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Woods, Mickelson reflect on loss of Eisenhower Tree

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PALM BEACH GARDENS, Fla. - Tiger Woods might not have the fondest memories of the Eisenhower Tree at Augusta National - it was beneath its branches, after all, that Woods took a swing that ultimately sidelined him for much of the 2011 season.

Nevertheless, the four-time Masters champ added his name Wednesday to the list of those mourning the loss of the famed pine, which was damaged and ultimately removed two weeks ago following an ice storm.

"I've hit it a few times. I can't say that I haven't it," Woods said of the tree that formerly towered 65 feet above the 17th fairway. "It's like the cypress tree out there at Pebble, kind of that iconic landmark. I can't say some of the guys are going to miss it, but we are going to certainly see a difference, there's no doubt about that."

With three wins in 21 career starts at Augusta National, Phil Mickelson certainly has had his fair share of experience with one of golf's most notable trees. While he explained that he was sad to lose "such a historical piece of the property," he also offered a more tempered view of the how the hole called "Nandina" will play in the wake of its removal.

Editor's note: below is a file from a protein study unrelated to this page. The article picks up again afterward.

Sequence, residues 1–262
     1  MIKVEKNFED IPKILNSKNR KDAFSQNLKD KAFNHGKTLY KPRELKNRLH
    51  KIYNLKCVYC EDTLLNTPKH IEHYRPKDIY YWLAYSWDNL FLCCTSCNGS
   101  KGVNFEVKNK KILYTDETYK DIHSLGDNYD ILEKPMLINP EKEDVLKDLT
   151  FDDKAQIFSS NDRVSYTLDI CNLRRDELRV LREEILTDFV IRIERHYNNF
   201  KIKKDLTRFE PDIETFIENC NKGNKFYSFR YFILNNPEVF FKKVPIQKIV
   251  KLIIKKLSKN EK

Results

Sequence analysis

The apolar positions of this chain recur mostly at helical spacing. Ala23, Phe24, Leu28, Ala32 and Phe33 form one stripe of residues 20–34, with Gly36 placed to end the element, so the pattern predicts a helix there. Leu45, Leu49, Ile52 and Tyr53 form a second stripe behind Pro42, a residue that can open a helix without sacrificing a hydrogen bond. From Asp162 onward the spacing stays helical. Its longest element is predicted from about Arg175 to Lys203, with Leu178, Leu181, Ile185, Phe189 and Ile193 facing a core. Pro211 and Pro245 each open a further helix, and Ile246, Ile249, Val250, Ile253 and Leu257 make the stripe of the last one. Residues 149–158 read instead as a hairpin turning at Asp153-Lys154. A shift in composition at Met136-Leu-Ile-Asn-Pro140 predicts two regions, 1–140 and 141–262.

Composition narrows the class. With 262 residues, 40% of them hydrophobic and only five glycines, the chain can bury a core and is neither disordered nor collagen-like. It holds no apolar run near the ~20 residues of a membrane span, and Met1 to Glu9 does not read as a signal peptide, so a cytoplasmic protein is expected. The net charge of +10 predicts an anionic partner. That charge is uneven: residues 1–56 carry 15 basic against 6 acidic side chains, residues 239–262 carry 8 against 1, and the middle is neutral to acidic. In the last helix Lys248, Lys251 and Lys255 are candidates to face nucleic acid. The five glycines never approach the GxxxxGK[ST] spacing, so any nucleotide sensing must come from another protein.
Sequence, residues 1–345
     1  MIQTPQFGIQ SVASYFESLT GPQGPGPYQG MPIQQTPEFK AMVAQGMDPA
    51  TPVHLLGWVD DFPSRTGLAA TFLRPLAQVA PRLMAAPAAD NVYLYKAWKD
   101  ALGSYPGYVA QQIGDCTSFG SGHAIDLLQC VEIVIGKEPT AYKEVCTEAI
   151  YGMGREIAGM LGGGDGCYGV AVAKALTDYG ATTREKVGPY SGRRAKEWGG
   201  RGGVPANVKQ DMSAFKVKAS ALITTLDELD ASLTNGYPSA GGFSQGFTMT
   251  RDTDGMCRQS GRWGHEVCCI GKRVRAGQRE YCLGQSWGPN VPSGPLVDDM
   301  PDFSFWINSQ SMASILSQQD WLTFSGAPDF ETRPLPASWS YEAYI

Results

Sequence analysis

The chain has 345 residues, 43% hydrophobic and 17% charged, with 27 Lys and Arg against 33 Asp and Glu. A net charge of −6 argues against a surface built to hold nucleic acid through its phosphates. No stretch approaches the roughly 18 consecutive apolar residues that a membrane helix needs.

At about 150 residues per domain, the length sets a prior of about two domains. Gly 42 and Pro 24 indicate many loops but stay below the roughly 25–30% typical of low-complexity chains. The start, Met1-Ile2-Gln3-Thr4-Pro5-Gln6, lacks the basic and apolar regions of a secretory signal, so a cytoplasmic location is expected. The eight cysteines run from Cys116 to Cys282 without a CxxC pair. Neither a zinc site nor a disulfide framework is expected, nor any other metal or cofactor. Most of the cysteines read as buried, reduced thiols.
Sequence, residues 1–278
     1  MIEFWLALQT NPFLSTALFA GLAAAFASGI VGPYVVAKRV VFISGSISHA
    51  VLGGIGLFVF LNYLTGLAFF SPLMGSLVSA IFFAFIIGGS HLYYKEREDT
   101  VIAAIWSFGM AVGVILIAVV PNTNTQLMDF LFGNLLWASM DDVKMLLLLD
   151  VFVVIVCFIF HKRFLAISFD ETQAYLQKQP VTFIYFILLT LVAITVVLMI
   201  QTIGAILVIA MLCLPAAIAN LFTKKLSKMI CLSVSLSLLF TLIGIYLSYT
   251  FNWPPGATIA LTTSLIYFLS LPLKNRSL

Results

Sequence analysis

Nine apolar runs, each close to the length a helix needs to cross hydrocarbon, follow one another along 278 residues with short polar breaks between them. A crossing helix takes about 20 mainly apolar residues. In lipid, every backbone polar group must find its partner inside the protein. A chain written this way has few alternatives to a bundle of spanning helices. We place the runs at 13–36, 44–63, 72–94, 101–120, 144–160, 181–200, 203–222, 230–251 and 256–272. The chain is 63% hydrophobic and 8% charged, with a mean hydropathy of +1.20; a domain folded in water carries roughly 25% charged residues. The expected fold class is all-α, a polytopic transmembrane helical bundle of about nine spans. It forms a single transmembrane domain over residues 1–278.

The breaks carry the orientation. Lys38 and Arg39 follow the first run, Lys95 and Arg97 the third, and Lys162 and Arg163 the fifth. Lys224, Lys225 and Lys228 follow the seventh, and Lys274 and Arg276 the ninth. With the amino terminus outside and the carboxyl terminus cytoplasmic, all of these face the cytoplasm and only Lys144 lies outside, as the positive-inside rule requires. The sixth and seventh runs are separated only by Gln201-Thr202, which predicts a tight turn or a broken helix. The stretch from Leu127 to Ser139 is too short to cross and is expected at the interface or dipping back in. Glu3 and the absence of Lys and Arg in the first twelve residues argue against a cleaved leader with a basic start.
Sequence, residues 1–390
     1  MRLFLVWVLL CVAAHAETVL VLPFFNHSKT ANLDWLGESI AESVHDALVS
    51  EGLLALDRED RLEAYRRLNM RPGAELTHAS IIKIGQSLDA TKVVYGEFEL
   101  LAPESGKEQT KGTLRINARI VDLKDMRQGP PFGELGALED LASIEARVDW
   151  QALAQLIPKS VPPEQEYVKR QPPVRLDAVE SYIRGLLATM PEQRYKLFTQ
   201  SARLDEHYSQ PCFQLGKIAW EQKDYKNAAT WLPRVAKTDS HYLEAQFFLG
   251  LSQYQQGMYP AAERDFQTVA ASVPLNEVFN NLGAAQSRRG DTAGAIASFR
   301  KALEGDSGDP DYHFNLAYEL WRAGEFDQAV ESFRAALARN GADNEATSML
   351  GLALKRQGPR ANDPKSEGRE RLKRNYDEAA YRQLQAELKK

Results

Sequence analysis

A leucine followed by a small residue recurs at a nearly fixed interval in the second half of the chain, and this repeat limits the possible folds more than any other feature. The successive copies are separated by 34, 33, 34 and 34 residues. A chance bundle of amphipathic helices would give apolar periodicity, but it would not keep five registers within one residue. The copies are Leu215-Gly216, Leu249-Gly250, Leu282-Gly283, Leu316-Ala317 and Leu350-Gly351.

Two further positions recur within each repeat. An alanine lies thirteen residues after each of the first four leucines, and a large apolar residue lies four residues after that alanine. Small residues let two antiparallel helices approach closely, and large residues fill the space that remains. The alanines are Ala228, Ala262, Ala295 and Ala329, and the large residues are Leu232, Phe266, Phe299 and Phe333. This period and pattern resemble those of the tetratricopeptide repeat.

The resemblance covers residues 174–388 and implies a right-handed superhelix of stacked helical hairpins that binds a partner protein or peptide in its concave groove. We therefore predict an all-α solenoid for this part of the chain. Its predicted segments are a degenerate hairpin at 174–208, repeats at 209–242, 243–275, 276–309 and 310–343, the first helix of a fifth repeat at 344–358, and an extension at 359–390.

"From an architectural point of view, you never build a hole around a tree because of the possibility that you might always lose it," said Mickelson. "The way (No.) 17 plays, it really won't be much different. It might be replaced somewhere down the line, if it hasn't been already, but it doesn't really affect the way the hole plays."

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